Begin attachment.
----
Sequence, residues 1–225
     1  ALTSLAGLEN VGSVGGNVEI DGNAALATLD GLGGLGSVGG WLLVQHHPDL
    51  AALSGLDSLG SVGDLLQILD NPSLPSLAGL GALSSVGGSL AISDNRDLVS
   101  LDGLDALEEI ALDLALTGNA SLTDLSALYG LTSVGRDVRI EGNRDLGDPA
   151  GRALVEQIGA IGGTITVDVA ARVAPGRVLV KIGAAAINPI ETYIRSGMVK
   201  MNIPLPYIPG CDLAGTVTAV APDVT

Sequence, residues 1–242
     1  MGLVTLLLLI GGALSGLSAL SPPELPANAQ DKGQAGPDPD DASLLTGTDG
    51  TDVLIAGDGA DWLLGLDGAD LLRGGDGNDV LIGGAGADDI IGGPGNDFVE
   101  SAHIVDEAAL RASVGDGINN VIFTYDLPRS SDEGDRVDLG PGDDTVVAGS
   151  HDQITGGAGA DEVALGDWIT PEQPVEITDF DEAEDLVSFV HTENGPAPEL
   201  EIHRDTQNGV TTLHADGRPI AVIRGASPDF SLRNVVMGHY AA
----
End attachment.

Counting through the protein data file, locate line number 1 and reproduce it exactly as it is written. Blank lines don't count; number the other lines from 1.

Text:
Sequence, residues 1–225